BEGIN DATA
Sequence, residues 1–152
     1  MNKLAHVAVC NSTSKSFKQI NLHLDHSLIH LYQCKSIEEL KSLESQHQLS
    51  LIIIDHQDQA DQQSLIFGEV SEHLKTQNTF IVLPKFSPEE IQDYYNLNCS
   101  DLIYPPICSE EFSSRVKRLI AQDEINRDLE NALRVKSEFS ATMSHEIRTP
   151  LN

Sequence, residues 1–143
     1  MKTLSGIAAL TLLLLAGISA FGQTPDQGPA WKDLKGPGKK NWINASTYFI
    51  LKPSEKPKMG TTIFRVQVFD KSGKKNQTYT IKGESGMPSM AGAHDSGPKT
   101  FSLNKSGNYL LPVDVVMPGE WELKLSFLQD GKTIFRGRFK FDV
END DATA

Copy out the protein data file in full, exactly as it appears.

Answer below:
Sequence, residues 1–152
     1  MNKLAHVAVC NSTSKSFKQI NLHLDHSLIH LYQCKSIEEL KSLESQHQLS
    51  LIIIDHQDQA DQQSLIFGEV SEHLKTQNTF IVLPKFSPEE IQDYYNLNCS
   101  DLIYPPICSE EFSSRVKRLI AQDEINRDLE NALRVKSEFS ATMSHEIRTP
   151  LN

Sequence, residues 1–143
     1  MKTLSGIAAL TLLLLAGISA FGQTPDQGPA WKDLKGPGKK NWINASTYFI
    51  LKPSEKPKMG TTIFRVQVFD KSGKKNQTYT IKGESGMPSM AGAHDSGPKT
   101  FSLNKSGNYL LPVDVVMPGE WELKLSFLQD GKTIFRGRFK FDV